by Vicki

I’ve been thinking about jigsaw puzzles lately and I’ve even looked over all the ones I have in my closet. When I go back and look at puzzles that I’ve done in the past, they are like old friends and they bring back memories and feelings.

Puzzles can be quiet solitary pursuits; they can be almost like meditation, with your attention focused on finding each piece with just the right color scheme and shape and repeating this over and over again. I often get new puzzles at Christmas along with new music. So I remember hours of working on puzzles with Robert sitting in his chair reading and both of us listening to the music. The music and the puzzles become blended in my memory. Doing puzzles alone is such a contemplative, relaxing process.

I also love doing puzzles with other people. While the puzzling skills are the same, the experience is very different. Usually when doing a puzzle with one or more people, each person stakes out a part of the puzzle to work on but then everyone rotates after awhile to do a different part of the puzzle. You may talk about lots of non-puzzle things, but you will undoubtedly talk about the puzzle as you puzzle. Early in the puzzle project you will all agree that there are too many pieces for this one puzzle. Then towards the end, you will all swear that there are not enough pieces to complete the puzzle. And each of you will announce, probably many times, that the very piece you are looking for is just not there – it must be the one piece the dog ate. Then you will all share tiny triumphs when someone finds that piece that everyone has been looking for. Doing puzzles with other people is a very communal and bonding kind of experience.

Mostly I have good feelings about the puzzles I’ve done. When I look at the puzzle boxes, I remember the parts of puzzle that were my favorite and the parts that were difficult. I might remember the section that was all different shades of purple or that was full of flowers; the part along the edge where I placed the wrong pieces and got all confused; that guy’s eye that was so impossible to find and ended up not looking like an eye at all; and the final part of the puzzle that is always the hardest because you’ve done all the easier parts, but that is so satisfying when you finally get it all put together. I also remember environmental things about doing each puzzle — what music I was listening to, who I did the puzzle with and what we were talking about, the time of year, and the way I was feeling and what I was thinking about as I did that puzzle.

I’ve only had a few puzzles that I didn’t like. There was one puzzle that was really frustrating. I just couldn’t make progress on it and it sat on my table for weeks. I would sit down to work on it and I just couldn’t get interested in it. I felt like it was taunting me, so I finally just put it back in its box and gave it away. Another puzzle that was difficult for me emotionally was the one my mother was working on at her house when she died. It was a puzzle of dalmatian puppies – black and white puppies on a white background. I brought it home on the puzzle board with the intent of finishing it, but I couldn’t. It was just too sad for me, so again it went back in its box and off to Goodwill.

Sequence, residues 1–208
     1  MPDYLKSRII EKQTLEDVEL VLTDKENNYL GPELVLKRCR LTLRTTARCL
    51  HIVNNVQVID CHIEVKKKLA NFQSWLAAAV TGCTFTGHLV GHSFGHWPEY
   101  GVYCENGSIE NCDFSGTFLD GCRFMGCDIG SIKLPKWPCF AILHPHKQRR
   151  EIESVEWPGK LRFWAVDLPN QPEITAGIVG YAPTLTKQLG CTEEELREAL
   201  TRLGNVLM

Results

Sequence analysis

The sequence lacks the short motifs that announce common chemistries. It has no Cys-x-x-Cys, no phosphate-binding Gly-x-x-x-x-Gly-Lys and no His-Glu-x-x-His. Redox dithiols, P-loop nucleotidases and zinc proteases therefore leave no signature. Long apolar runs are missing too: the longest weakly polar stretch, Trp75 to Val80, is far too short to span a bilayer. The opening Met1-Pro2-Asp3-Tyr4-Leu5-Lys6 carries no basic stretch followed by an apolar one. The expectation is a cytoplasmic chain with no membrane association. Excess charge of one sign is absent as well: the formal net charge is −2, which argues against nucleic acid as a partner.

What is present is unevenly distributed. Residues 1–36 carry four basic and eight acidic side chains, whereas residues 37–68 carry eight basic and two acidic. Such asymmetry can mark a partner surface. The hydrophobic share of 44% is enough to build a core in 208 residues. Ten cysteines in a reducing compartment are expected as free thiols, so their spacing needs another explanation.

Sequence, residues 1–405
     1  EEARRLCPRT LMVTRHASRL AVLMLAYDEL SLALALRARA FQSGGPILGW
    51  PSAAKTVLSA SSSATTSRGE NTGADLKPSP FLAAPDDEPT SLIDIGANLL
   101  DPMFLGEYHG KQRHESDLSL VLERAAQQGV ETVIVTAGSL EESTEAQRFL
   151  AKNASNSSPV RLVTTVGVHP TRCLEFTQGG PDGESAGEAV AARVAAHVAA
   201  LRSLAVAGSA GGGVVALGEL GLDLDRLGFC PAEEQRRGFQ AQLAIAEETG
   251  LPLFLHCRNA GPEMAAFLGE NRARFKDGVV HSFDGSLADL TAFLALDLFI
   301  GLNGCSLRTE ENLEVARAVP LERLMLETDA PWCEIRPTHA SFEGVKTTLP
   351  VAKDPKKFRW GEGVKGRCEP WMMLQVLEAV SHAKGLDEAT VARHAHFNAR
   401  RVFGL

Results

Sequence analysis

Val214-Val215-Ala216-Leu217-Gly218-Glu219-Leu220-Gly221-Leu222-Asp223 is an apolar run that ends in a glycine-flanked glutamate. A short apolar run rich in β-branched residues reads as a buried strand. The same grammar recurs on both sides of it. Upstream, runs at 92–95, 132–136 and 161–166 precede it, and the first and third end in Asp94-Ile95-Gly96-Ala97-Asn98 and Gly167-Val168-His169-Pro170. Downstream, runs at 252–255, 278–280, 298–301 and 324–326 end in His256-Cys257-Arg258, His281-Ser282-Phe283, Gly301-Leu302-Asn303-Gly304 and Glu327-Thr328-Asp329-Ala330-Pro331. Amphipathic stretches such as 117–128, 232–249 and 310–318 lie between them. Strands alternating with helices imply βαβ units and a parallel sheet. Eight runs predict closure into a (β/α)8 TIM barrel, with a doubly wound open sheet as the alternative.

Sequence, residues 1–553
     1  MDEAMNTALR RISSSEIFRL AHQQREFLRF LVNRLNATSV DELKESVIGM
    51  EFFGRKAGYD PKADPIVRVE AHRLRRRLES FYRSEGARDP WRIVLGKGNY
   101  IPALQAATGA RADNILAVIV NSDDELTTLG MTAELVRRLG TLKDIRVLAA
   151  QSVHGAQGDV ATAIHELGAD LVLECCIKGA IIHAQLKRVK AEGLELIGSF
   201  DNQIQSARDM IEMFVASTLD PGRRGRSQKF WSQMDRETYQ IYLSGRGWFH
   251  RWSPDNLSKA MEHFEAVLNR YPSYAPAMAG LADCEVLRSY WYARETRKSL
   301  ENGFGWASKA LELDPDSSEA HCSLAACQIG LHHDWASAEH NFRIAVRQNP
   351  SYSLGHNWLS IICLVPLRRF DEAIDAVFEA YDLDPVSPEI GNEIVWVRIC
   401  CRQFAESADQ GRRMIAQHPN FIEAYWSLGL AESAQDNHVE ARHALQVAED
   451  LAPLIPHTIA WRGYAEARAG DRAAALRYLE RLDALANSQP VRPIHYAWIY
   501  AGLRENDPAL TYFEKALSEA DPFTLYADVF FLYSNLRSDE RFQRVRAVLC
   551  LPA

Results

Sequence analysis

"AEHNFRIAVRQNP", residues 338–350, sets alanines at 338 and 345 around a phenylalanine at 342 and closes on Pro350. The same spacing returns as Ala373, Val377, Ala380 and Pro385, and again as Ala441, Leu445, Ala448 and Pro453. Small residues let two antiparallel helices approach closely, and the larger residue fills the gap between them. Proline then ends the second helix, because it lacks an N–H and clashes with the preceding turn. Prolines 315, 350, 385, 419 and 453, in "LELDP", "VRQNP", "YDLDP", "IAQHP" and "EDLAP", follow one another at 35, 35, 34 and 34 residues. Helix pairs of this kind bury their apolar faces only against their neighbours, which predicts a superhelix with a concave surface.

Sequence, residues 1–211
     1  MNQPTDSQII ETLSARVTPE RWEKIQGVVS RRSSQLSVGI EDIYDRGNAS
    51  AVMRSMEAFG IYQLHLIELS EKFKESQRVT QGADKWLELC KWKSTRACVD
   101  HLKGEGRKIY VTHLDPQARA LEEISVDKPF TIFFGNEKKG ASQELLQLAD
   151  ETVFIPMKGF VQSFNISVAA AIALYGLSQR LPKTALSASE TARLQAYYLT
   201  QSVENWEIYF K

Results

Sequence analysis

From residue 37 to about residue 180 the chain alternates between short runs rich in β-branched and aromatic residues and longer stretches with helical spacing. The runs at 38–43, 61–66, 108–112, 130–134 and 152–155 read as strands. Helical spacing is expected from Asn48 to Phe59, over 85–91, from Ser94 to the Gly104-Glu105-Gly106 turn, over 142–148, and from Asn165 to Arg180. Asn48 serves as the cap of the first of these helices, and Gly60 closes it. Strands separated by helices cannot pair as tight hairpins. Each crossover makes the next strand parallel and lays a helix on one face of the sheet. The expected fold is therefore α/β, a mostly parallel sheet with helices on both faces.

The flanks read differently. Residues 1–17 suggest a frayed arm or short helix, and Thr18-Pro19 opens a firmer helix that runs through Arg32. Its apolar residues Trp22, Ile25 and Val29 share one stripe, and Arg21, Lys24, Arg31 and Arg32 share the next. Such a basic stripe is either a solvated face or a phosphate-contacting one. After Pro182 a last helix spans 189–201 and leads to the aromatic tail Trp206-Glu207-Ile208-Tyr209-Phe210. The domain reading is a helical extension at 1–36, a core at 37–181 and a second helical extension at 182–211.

I once saw, in an art gallery in Italy, the original painting of a puzzle that I had done several times. It was a large round painting and I laughed when I saw it. I knew that painting so well, every inch of it and from every angle. I knew all the people in the painting as well as the little dog under the table. I remember getting the dog’s curly fur mixed up with the curly hair of one of the men! I almost felt like I had painted the picture, I knew it so intimately.

I haven’t done a puzzle since last Thanksgiving. We spend Thanksgiving with a large group of friends. We always do one or two jigsaw puzzles. Last year, we were racing against time to get the puzzle finished before we all left the next day. I stayed up too late with one staunch puzzle friend trying to finish that puzzle. We had to leave it unfinished, a sad thing. I haven’t done one at home on my own for awhile, because I haven’t felt like I had the time to do one. It does take time. I can’t just sit down and start finding puzzle pieces. I have to get used to each puzzle – to learn to see it and to understand its color scheme and the shapes of its pieces. I feel like I have to put on my “puzzle eyes” and that takes awhile. And once I’ve got the puzzle out, all the pieces turned upright and have put on my puzzle eyes; I know that this is what I will be doing for the next several nights, if not weeks. But I do look forward to doing my next puzzle. I have a new one I haven’t opened that is just calling to me.

September 2013

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